“My first marriage was a practice round”
“Third time is a charm”
Remarrying brings hope and joy. It’s a time to celebrate and to start anew. With all this joy why even bring up the topic of money?
Working with divorce clients, I’ve seen divorce settlements drag out over time. The main reason is because of money. Each party to the divorce has different money expectations. One may expect more money. The other may feel they have been more than fair. In the end, more money is wasted on legal fees than necessary.
Since we don’t have a crystal ball to look into the future, why not talk about things which can create difficulties? Why not talk about money?
According to “Remarriage in the United States: American Community Survey Reports,” second or third marriages increased for women aged 50 or older and for men aged 60 or older. At this later stage in life, you may have significant retirement savings or a pension. You may have a home which is nearly paid off. You may have a business you’ve successfully built. At this point of life, you’ve done a lot for yourself. Is it worth risking because you don’t want to talk about money?
If you want to have a better relationship than your previous one, then start with communication. Learn to talk about difficult things, including money. If your soon-to-be-spouse doesn’t want to talk about it, then you may want to understand the reason. Most people at later stages of life are beyond the fairy tale image of marriage.
To help you understand financial impacts from a marriage later in life, meet with your Certified Financial Planner™ professional. This person will help you decide how to handle finances with your new spouse, specifically the pros and cons of commingling assets. Your CFP® will discuss how your Social Security benefits may be impacted, even if you don’t plan to collect on it for several years. You’ll also become more aware of tax implications.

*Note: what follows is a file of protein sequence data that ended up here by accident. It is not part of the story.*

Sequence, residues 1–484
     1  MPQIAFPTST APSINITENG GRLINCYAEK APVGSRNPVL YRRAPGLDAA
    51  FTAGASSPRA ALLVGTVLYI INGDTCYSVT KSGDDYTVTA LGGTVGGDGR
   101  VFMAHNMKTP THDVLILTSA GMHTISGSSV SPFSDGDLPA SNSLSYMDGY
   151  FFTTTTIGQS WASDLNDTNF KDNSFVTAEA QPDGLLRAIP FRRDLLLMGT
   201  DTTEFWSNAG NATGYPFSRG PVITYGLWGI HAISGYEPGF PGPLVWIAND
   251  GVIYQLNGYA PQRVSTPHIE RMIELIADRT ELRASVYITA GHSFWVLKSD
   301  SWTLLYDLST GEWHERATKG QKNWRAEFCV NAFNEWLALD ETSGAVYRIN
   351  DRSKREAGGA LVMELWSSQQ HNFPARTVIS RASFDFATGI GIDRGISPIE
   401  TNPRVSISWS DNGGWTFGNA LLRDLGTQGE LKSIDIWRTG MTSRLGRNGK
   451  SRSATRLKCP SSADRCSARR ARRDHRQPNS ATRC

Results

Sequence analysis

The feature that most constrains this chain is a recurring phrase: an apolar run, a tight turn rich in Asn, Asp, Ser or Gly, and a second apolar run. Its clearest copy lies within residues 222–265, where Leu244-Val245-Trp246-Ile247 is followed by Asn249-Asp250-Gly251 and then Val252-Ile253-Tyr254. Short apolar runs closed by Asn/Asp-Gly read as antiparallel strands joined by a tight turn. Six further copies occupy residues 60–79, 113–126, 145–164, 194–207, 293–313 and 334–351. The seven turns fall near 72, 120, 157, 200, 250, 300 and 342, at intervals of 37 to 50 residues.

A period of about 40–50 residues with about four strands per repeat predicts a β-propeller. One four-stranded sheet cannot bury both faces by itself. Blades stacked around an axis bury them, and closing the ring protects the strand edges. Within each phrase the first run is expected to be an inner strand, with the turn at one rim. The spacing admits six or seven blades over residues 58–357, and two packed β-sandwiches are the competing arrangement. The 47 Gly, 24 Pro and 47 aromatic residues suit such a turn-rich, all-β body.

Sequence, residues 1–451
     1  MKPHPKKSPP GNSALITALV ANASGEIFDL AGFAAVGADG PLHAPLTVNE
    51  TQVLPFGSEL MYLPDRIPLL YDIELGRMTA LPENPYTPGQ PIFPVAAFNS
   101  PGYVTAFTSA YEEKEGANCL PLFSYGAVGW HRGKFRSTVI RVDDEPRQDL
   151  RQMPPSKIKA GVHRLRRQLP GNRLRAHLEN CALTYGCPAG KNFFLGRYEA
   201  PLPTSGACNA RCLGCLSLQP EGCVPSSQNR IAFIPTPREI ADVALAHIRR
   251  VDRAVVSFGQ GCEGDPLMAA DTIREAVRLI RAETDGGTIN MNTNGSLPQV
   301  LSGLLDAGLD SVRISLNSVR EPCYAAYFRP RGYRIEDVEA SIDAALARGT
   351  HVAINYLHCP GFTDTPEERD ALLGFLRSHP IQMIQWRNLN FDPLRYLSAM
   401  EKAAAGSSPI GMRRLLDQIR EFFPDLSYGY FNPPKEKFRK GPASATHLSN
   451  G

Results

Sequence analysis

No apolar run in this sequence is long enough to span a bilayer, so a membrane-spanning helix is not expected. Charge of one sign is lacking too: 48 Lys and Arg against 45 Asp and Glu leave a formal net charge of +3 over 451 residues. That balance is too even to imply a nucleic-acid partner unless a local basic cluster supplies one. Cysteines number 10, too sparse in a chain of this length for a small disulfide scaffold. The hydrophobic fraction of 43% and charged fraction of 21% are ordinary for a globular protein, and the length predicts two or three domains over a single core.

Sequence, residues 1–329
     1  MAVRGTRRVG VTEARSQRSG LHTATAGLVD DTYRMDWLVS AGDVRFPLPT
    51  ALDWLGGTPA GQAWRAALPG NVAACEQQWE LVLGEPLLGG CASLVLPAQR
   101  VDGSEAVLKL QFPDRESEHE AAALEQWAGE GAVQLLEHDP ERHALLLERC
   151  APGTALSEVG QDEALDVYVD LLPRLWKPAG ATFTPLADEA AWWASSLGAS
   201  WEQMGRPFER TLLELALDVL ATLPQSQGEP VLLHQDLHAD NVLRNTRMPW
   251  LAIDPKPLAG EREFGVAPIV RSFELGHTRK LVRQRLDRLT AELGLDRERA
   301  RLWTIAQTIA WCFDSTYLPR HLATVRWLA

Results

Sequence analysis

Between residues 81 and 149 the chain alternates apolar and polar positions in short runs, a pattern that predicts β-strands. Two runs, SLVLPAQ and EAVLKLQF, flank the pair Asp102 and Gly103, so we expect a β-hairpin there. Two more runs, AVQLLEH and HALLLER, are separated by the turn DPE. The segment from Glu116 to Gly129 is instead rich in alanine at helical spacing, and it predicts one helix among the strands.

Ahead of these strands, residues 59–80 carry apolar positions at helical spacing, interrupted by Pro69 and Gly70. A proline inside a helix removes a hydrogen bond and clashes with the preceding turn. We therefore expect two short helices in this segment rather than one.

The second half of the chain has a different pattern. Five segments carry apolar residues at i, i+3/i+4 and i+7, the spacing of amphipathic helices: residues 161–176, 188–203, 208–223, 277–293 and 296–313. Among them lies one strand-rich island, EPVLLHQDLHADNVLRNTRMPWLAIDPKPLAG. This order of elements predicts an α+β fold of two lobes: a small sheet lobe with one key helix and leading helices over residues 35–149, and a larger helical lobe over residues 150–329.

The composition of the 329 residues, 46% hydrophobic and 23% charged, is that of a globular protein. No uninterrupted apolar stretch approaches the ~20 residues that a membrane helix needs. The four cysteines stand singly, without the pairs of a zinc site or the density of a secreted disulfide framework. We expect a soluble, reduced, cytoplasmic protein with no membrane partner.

Once you’ve met with your CFP®, then meet with your estate planning attorney to review your documents. If you have children from your previous marriage who are adults, they would appreciate knowing their inheritance will not be adversely impacted by your new marriage. By being proactive, you may circumvent bad behavior from your adult children.
From those meetings, you’ll be better equipped to discuss a prenuptial agreement. Marriage is a union but what is “yours” and “mine” does not always equate to “ours.”
Enjoy the bliss of remarrying but be smart. Talk about money and expectations. While it’s impossible to address every single thing which may come up in your marriage, at least you’ve set the foundation.
ABOUT THE AUTHOR:
Niv Persaud, CFP®, CDFA™, CRPC®, is the Founder of Transition Planning & Guidance, LLC. Life is more than money. It’s about living the lifestyle you want and can afford. For that reason, Niv consults with clients on money, life and work. Her approach capitalizes on techniques she learned throughout her career, including as a management consultant, executive recruiter and financial advisor. Her services include spending plan, financial plan, divorce financial review, life strategy and professional progression. Niv actively gives back to her community through her volunteer efforts. She believes in living life to the fullest by cherishing friendships, enjoying the beauty of nature and laughing often — even at herself. Her favorite quote is by Erma Bombeck, “When I stand before God at the end of my life, I would hope that I would not have a single bit of talent left and could say ‘I used everything you gave me’.”